2) Gattaca (movie)
This movie is a bit older but it’s such a classic, one of those movies I will stop whatever I’m doing and watch it to the end, whenever it comes on TV. The idea that, in the future, human beings are genetically modified to be, essentially, “perfect” fascinates me. I loved the way the filmmakers explored this kind of society and what it meant, especially for the outsiders who weren’t altered. Who were just…normal.
The Unremembered trilogy shares some similar themes to this story. Namely the exploration of the questions: What is perfection? How far will we go to get it? And, more important, What is the price of it? These questions are introduced in book 1 but come up a lot more in book 2.
3) The Bourne Identity (movie)
When I first pitched this book to my agent, I called it “Bourne Identity for teens…with a sci-fi twist.” He later used this same pitch to sell the book to my publisher.
I’ve always been fascinated by stories of memory loss. But Bourne took it one step further. It asked, “What if you lost your memories and then discovered you were actually…extraordinary?” The scene in the park when Jason Bourne suddenly whips out all these awesome fighting moves and takes down three bad guys at once is probably my favorite scene in the whole movie. He goes on autopilot, kicks butt, and then snaps out of it and is like, “Um…what was that?”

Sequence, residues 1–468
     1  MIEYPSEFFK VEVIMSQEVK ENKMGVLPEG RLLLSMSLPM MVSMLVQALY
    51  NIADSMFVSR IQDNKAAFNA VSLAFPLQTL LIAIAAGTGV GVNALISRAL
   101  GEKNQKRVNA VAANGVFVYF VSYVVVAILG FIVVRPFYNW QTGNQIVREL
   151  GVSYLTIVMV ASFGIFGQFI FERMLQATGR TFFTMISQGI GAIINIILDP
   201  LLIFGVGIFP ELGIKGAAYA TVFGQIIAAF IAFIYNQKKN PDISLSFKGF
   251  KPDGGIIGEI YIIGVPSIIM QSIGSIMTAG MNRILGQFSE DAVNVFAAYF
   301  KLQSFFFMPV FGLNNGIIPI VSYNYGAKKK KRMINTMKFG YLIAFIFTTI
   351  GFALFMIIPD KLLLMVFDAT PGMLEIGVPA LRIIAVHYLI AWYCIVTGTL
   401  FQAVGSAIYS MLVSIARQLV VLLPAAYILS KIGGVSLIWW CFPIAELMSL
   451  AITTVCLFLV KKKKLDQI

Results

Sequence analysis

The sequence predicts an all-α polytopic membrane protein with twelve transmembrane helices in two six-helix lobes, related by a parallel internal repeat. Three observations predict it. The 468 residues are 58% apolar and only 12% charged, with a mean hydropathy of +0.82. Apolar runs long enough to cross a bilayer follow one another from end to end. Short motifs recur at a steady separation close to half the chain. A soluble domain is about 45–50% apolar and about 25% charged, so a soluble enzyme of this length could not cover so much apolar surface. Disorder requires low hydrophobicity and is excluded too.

When I set out to write a story about a girl who loses all her memories and has to piece together her past, I really wanted to include a few “what was that?” moments as well. One of my favorite scenes to write took place in a bus station where Sera has a conversation with a stranger. She doesn’t realize until a few minutes later, that the entire conversation was in Portuguese.
4) The Adoration of Jenna Fox by Mary E. Pearson (book)
It’s funny to think of a time when Mary E. Pearson and I didn’t know each other. We’re such good friends now, it feels as though I’ve known her all my life. But I remember when I first got her book in the mail. I had just sold Unremembered to my editor at FSG and she sent me a package of Macmillan books that she thought shared similar themes with my new trilogy. “For inspiration,” her note said.